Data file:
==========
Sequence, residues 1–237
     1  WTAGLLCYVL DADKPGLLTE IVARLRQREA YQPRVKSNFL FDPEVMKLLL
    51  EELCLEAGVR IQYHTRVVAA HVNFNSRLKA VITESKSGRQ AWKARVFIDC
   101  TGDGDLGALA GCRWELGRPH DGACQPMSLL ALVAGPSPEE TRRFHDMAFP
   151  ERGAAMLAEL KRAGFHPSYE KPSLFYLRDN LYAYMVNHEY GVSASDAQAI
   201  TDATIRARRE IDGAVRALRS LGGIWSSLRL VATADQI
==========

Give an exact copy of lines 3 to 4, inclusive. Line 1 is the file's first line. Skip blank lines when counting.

    51  EELCLEAGVR IQYHTRVVAA HVNFNSRLKA VITESKSGRQ AWKARVFIDC
   101  TGDGDLGALA GCRWELGRPH DGACQPMSLL ALVAGPSPEE TRRFHDMAFP